The Japanese Red Cross Society has established a guideline for medical workers that sets an accumulated radiation dose limit of 1 millisievert for relief activities, although experts have said the ceiling is too low to allow workers to provide ample assistance to disaster victims.
"Radiation doses above 1 millisievert have no health effects," said Yasushi Asari, a professor of emergency medical care at Hirosaki University. "There is no need for medical workers to use that threshold."
Masahito Yamazawa, director-general of the Red Cross nuclear disaster preparedness task force, said during in-house discussions there were arguments for and against the 1-millisievert threshold. But the Red Cross determined that a 1-millisievert limit would still allow its workers to engage in relief activities in zones with high radiation levels because each relief mission usually lasts only up to a week, Yamazawa said.
One millisievert is the legal annual dose limit for members of the public during normal times.
Yamazawa added that allowances were also made for the fact that its medical relief squads include clerical workers.
"We have created the guideline out of a positive desire to help victims during a nuclear disaster," Yamazawa said. "We will use it as a platform for further improvements if the need arises."
Providing relief to disaster victims is one of the legally defined duties of the Japanese Red Cross Society. It has organized more than 500 relief squads across Japan, each squad comprising one medical practitioner, three nurses, one driver and one clerical worker.
Japanese Red Cross relief units fulfilled a total of 900 missions in communities ravaged by the 2011 Great East Japan Earthquake. However, initially they were unprepared for a nuclear disaster, and that created a vacuum of relief squads in Fukushima Prefecture during the early stages of the crisis at the Fukushima No. 1 nuclear power plant.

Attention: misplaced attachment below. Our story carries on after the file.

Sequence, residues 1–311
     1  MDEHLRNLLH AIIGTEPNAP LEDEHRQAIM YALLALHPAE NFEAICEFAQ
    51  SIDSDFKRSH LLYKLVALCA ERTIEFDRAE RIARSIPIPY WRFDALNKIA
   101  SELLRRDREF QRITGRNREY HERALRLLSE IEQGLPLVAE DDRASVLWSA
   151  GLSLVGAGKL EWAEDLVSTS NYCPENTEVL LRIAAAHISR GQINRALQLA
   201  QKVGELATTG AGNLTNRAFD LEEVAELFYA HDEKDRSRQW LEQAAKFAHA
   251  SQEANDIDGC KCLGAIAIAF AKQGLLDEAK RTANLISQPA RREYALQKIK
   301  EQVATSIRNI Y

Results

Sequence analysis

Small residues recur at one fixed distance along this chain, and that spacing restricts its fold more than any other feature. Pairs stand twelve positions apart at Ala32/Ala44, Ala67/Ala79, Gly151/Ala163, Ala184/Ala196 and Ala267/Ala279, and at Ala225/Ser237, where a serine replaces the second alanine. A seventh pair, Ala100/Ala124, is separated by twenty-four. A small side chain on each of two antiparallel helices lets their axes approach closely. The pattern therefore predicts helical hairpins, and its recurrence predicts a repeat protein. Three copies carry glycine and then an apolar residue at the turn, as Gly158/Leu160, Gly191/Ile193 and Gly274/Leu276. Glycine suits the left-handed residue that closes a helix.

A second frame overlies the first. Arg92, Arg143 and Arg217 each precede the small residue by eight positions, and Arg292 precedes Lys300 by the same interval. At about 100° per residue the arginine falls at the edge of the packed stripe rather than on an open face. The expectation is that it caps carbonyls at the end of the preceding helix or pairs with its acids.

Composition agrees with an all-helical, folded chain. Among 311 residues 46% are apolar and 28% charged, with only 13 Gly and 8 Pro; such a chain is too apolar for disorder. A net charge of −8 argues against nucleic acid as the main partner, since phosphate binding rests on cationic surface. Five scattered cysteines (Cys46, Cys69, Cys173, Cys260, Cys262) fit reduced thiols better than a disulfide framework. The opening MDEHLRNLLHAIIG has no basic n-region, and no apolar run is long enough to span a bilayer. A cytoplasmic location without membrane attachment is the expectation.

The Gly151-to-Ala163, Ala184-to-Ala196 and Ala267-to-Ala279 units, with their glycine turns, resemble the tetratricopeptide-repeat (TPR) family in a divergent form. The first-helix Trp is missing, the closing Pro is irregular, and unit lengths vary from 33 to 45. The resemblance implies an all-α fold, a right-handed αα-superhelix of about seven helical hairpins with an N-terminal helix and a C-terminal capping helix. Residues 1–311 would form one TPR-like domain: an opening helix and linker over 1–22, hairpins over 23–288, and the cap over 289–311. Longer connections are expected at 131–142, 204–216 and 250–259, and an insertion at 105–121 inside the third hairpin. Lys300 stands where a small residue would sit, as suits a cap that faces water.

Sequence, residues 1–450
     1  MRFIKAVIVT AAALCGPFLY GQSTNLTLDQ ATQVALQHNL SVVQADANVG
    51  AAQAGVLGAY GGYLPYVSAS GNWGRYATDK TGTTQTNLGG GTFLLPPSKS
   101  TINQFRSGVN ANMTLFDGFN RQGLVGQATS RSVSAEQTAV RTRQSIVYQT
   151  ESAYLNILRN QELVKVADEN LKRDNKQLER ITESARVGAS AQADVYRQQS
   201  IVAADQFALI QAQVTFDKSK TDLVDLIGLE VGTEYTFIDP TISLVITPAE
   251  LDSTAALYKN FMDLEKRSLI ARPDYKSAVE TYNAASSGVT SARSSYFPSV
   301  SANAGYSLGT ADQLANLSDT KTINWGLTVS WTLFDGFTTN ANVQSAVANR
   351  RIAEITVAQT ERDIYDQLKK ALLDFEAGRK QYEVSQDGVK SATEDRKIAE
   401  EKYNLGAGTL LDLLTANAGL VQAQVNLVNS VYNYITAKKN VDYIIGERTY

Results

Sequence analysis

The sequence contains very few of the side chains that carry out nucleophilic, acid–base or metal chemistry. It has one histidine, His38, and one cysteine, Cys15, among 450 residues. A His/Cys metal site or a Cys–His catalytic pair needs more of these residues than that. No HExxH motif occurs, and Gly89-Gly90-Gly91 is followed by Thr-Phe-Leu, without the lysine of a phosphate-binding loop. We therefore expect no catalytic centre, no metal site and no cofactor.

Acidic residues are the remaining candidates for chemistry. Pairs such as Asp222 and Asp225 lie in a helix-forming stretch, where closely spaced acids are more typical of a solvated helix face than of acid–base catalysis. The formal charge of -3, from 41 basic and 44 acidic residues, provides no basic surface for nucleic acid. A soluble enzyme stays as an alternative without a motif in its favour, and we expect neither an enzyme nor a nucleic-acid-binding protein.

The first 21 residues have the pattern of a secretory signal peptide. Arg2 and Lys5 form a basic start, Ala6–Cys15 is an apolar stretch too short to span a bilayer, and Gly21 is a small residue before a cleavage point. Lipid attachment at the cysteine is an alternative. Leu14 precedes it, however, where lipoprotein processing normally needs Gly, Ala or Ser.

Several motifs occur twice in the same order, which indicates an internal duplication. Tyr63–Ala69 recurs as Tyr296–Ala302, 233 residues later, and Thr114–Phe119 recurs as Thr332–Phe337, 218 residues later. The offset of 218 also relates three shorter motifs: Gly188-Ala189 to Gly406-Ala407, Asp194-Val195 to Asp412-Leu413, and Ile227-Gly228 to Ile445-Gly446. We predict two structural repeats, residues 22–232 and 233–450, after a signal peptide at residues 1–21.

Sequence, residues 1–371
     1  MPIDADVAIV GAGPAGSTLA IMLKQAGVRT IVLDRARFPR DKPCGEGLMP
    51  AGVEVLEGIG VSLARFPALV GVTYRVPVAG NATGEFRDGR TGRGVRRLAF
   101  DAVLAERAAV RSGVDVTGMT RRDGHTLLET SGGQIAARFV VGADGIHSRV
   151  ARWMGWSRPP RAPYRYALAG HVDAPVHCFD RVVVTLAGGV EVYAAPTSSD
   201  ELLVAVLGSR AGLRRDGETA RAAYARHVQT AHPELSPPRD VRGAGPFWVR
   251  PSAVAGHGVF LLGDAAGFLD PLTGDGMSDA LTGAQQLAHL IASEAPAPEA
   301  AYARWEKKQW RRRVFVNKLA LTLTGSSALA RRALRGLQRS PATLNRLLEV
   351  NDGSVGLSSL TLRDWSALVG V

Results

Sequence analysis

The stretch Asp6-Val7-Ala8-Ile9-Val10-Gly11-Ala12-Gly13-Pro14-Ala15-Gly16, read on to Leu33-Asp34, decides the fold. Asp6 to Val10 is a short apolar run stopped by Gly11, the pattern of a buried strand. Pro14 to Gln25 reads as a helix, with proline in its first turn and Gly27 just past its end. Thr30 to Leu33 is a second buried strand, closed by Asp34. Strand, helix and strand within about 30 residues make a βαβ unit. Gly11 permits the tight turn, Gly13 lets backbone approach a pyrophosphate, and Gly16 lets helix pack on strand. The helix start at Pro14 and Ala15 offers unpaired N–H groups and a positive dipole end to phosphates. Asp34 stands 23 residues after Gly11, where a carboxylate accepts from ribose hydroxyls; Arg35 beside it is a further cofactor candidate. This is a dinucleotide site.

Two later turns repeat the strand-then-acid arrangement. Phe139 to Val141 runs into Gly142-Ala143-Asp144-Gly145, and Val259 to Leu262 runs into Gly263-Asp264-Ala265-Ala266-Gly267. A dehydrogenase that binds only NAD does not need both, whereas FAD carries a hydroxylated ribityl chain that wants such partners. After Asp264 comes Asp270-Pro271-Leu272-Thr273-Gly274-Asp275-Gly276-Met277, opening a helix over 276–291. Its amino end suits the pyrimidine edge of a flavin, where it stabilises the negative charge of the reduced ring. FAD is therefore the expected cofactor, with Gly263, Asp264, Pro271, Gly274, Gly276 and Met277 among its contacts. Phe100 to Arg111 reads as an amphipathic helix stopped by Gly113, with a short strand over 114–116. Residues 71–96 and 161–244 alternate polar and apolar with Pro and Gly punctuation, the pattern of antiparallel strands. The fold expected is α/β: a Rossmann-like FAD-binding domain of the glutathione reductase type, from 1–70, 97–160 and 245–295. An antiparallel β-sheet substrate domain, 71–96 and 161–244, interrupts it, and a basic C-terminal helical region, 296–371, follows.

Red Cross officials said they learned from that experience and decided to create the new guideline for nuclear disaster relief activities.
The guideline says relief squad members should carry dosimeters and iodine tablets at all times, and retreat to safety whenever they are in danger of being exposed to more than 1 millisievert in accumulated radiation. It also says relief workers should keep clear of zones that are off-limits to residents.
Shigenobu Nagataki, professor emeritus of radiology at Nagasaki University, said the new Red Cross' ceiling is too low and could compromise relief activities.
"It is the mission of medical workers to help those who are injured or ill. They should not be allowed to leave assistance for patients in no-entry zones to the Self-Defense Forces, police and firefighters alone," said Nagataki, who serves on an expert panel that advises the prime minister's office on nuclear disasters. "The 1-millisievert annual dose limit for members of the public at normal times is too low to be used in disaster relief activities."
Nagataki and other radiation experts are concerned that the Red Cross guideline could set an example for Japan's 1,150 health ministry-certified disaster medical assistance teams and other similar squads.
"If everyone follows the Red Cross standard, that could create confusion in evacuation processes for patients and elderly citizens in off-limit zones," Nagataki said. "That could cause a repeat of what happened in Fukushima."
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